Iraqi forces on Friday battled jihadists making what looked increasingly like a last stand in Tikrit but the Islamic State group responded by vowing to expand its "caliphate".
Thousands of fighters surrounded a few hundred holdout IS militants, pounding their positions from the air but treading carefully to avoid the thousands of bombs littering the city centre.
Two days after units spearheading Baghdad's biggest anti-IS operation yet pushed deep into Tikrit, a police colonel claimed around 50 percent of the city was now back in government hands.
"We are surrounding the gunmen in the city centre. We're advancing slowly due to the great number of IEDs (improvised explosive devices)," he told AFP on condition of anonymity.
"We estimate there are 10,000 IEDs in the city," he said.
Massively outnumbered, the jihadists' defence consists of a network of booby traps, roadside bombs and snipers through which suicide attackers occasionally ram car bombs into enemy targets.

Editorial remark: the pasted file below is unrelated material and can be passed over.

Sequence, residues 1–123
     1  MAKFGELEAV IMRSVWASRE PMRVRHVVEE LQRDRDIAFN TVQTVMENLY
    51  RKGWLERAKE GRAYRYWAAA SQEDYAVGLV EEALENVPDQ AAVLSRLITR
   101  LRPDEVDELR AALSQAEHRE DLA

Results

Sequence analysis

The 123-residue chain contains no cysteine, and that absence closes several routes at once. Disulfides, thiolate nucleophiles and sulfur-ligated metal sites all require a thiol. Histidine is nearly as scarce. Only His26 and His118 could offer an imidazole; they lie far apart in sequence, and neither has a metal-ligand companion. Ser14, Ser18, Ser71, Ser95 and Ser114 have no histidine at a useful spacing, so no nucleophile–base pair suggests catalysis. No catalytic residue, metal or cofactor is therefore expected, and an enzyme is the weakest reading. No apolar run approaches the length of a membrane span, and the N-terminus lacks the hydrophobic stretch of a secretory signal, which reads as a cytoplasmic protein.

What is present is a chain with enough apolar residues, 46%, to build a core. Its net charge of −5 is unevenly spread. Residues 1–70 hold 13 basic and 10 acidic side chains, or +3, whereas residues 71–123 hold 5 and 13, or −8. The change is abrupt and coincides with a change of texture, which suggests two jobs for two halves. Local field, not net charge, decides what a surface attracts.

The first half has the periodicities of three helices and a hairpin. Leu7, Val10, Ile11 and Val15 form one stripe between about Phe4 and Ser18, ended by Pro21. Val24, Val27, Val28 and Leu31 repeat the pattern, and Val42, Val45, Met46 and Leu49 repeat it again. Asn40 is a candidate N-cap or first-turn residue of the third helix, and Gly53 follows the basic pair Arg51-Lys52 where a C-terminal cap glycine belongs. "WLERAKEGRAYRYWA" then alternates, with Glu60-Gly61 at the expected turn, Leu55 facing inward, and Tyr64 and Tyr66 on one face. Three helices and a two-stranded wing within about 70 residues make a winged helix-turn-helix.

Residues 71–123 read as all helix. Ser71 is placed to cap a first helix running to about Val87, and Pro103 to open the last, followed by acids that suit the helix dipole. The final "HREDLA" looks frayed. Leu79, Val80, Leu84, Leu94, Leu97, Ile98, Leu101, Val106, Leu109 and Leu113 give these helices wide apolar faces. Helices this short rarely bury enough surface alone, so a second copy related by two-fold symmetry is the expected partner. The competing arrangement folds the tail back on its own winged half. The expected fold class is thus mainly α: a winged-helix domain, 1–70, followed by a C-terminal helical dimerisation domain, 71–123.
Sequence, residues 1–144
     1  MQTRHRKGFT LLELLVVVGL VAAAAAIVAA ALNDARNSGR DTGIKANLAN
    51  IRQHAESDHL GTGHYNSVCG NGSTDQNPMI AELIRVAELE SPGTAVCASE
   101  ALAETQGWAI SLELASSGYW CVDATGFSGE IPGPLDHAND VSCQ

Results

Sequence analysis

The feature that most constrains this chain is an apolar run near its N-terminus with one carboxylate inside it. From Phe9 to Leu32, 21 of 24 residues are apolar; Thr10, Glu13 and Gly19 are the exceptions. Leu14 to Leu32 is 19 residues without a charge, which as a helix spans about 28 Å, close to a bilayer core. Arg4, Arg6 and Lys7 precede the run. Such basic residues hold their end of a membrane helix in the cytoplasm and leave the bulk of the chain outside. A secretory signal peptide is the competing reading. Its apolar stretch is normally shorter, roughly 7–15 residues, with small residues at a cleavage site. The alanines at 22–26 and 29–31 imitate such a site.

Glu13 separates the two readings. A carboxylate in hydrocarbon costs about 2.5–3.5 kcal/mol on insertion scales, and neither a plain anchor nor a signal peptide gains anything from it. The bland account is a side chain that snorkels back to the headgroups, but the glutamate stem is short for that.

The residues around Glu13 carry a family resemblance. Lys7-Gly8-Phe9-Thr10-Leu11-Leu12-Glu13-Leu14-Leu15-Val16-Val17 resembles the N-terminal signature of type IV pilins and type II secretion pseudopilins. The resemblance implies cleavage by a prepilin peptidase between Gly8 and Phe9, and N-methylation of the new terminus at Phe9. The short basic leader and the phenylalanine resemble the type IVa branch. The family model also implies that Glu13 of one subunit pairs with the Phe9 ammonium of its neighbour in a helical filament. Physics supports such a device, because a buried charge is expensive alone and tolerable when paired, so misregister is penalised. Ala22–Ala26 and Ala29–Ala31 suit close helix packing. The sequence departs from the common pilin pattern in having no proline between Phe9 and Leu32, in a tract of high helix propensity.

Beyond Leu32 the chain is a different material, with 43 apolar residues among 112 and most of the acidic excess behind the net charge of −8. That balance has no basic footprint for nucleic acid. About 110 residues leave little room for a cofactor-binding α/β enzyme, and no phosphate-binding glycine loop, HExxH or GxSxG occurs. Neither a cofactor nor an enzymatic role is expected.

"Six soldiers were killed and 11 wounded in a suicide car bomb Friday morning in Al-Dyum neighbourhood" in western Tikrit, the colonel said.
An army major confirmed the death toll.
Tikrit was the hometown of dictator Saddam Hussein, remnants of whose Baath party collaborated with the jihadists when they took over almost a third of the country last June.
With crucial military backing from neighbouring Iran and a 60-nation US-led coalition, Baghdad has rolled back some of the losses.
It started with operations to secure the Shiite holy cities of Karbala and Najaf and bolster Baghdad's defences, then worked its way north, retaking Diyala province earlier this year.
Commanders see the recapture of overwhelmingly Sunni Arab Tikrit as a stepping stone for the reconquest of second city Mosul further north, which once had a population of 2 million.
IS has countered every military loss lately by ramping up its propaganda war with ever more shocking acts, such as getting a child to execute a prisoner on camera or destroying heritage sites.
On Thursday, the group released a recording presented as a speech by spokesman Abu Mohammed al-Adnani which marks the acceptance of a pledge of allegiance by Nigeria's jihadist group Boko Haram.
"We announce to you the good news of the expansion of the caliphate to West Africa," he said. Expansion is a pillar of IS doctrine and the group has recently declared new "provinces" in the Middle East and North Africa, albeit sometimes in places where it has a limited footprint.